Judge Dan Mancini is gonna rock 'n roll this place with the power of the ninja turtle bass.
Our reviews of Teenage Mutant Ninja Turtles: Volume 3 (published February 1st, 2006), Teenage Mutant Ninja Turtles: Volume 4 (published May 31st, 2006), Teenage Mutant Ninja Turtles: Season 6 (published April 9th, 2008), Teenage Mutant Ninja Turtles: Season 9 (published August 21st, 2011), Teenage Mutant Ninja Turtles II: The Secret Of The Ooze (published September 20th, 2002), Teenage Mutant Ninja Turtles: 25th Anniversary Collector's Edition (published August 14th, 2009), Teenage Mutant Ninja Turtles: Cowabunga Classics (published August 23rd, 2014), Teenage Mutant Ninja Turtles: Enter Shredder (published July 13th, 2013), Teenage Mutant Ninja Turtles: Rise of the Turtles (published March 23rd, 2013), Teenage Mutant Ninja Turtles: The Complete Classic Series (published November 26th, 2012), Teenage Mutant Ninja Turtles: Ultimate Showdown (published October 19th, 2013), TMNT (published August 13th, 2007), TMNT (Blu-ray) (published August 30th, 2007), and TMNT (HD DVD) (published August 16th, 2007) are also available.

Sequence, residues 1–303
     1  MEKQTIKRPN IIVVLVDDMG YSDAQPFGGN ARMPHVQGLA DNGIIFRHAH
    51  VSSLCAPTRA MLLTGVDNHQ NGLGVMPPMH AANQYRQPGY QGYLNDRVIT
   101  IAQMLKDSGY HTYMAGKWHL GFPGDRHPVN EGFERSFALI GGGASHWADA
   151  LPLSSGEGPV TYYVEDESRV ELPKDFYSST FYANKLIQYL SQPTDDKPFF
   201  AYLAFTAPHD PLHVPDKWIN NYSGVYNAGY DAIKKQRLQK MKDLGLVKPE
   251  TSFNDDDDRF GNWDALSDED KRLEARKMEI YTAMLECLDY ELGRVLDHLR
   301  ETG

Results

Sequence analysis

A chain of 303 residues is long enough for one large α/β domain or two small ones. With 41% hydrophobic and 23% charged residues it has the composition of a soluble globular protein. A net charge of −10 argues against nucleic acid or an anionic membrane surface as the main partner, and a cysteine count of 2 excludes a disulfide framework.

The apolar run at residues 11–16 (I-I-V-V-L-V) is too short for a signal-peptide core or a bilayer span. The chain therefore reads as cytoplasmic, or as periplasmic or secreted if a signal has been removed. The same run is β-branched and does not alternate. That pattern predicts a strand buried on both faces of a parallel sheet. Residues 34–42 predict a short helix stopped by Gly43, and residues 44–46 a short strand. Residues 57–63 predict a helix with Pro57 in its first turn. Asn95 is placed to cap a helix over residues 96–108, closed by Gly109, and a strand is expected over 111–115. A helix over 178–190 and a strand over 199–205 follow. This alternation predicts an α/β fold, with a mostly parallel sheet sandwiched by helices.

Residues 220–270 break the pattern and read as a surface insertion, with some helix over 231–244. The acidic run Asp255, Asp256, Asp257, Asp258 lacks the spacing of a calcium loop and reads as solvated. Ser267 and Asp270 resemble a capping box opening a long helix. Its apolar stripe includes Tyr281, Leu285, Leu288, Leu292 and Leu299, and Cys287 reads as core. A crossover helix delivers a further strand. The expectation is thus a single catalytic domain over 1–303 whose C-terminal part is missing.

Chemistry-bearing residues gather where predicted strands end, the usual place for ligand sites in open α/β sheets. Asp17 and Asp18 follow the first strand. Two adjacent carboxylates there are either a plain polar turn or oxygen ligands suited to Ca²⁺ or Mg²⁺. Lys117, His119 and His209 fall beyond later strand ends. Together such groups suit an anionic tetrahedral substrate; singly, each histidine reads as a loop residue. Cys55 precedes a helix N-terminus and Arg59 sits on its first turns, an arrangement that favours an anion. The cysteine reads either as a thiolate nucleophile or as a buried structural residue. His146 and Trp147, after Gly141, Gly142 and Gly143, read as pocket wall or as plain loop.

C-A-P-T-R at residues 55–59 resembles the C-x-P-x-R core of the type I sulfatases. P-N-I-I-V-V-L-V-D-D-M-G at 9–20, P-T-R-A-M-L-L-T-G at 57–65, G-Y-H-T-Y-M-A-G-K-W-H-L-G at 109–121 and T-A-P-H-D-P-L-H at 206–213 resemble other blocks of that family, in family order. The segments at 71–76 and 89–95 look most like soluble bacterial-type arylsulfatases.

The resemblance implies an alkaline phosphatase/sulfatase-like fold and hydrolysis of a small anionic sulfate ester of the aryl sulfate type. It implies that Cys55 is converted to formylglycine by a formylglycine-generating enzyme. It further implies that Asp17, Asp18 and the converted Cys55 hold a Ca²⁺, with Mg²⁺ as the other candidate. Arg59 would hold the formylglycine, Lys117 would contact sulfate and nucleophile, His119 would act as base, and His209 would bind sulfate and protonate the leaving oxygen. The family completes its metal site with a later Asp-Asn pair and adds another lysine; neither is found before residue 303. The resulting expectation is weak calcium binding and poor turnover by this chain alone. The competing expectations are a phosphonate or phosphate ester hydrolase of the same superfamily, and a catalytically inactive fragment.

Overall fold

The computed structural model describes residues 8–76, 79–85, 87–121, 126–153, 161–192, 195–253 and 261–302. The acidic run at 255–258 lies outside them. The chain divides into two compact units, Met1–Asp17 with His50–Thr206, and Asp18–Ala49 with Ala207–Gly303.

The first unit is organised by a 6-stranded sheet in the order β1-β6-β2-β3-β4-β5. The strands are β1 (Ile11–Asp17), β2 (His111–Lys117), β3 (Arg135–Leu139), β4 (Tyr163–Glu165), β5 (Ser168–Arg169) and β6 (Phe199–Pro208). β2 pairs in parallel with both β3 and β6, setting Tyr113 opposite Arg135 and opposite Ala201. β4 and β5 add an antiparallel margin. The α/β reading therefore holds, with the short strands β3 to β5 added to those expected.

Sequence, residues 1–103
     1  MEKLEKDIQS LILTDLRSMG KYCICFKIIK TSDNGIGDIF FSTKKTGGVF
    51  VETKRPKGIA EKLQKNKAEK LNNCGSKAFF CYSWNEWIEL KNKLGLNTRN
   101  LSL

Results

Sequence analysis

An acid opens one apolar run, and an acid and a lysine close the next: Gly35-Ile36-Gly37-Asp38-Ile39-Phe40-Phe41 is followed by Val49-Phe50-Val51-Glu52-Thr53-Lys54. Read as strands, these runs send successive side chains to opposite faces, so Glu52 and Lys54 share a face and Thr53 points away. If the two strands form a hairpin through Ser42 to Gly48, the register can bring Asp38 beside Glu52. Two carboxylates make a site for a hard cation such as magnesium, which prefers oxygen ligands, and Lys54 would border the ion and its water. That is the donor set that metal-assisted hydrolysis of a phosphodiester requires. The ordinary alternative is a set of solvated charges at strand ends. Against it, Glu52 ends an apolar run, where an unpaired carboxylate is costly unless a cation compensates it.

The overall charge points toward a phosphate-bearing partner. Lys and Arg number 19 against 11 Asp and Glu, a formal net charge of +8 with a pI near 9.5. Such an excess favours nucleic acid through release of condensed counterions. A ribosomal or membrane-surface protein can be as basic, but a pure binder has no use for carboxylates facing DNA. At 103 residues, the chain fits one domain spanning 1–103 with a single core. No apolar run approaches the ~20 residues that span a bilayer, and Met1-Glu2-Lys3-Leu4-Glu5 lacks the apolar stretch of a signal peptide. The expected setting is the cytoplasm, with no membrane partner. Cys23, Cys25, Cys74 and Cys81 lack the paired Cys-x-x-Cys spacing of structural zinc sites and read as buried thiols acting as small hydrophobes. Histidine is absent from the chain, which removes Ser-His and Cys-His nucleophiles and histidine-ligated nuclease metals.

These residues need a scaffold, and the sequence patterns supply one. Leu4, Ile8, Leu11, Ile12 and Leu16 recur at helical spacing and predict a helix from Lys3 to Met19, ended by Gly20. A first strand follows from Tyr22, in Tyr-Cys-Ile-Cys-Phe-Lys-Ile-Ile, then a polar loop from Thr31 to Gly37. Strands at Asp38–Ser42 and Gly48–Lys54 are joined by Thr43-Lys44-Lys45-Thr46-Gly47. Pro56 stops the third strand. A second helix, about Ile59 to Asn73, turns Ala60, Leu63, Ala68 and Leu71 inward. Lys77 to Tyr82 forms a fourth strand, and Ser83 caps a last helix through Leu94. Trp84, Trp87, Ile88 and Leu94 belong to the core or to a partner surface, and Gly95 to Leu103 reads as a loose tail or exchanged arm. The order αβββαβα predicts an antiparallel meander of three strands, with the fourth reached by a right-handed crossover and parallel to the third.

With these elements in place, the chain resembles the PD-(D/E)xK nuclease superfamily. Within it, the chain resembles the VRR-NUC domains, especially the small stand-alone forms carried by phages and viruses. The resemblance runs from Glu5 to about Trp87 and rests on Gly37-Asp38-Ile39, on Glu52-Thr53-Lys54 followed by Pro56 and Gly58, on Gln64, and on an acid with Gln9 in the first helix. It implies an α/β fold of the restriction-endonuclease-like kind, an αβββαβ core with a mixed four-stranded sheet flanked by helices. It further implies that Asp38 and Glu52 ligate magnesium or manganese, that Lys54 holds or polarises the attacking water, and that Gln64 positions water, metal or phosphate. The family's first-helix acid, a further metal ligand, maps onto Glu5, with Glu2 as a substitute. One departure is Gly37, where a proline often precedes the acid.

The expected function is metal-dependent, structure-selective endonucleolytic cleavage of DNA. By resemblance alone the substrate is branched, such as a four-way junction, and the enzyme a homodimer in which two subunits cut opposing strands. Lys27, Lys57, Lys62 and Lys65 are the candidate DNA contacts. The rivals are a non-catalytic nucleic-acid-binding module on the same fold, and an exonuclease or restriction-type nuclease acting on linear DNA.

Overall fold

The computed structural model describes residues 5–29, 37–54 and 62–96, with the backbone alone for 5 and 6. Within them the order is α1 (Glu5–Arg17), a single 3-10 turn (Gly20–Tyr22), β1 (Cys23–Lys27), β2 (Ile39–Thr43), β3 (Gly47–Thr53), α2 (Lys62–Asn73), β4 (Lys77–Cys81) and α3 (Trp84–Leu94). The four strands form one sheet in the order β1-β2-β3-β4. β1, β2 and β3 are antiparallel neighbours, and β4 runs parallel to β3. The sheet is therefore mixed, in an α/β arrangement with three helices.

Four turtles…four brothers: Genetically reborn in the sewers of New York, named after the great Renaissance masters, and trained as ninjas.
Around the time most of America was sitting around in stonewashed jeans and bobbing their rat-tailed mullets to the new-fangled "rap" of Run-DMC, writer Kevin Eastman and artist Peter Laird created an independent comic book called Teenage Mutant Ninja Turtles. A parody of superhero comics, the book's quartet of shelled vigilantes were destined to occupy a place in the '80s pop culture stratosphere alongside other gaudy, prefab consumerist excesses like the Rubik's Cube, Smurfs, parachute pants, Pac Man, and Michael Jackson. The little comic book was so popular that it spawned a 1987 animated television series that aired for 10 seasons, the trio of live-action movies under review here, and all manner of merchandised goodies from toys to T-shirts. It was also responsible for making "Cowabunga!" the third most grating catch-phrase of the '80s ("Eat my shorts!" and "Where's the beef?" are numbers two and one, respectively).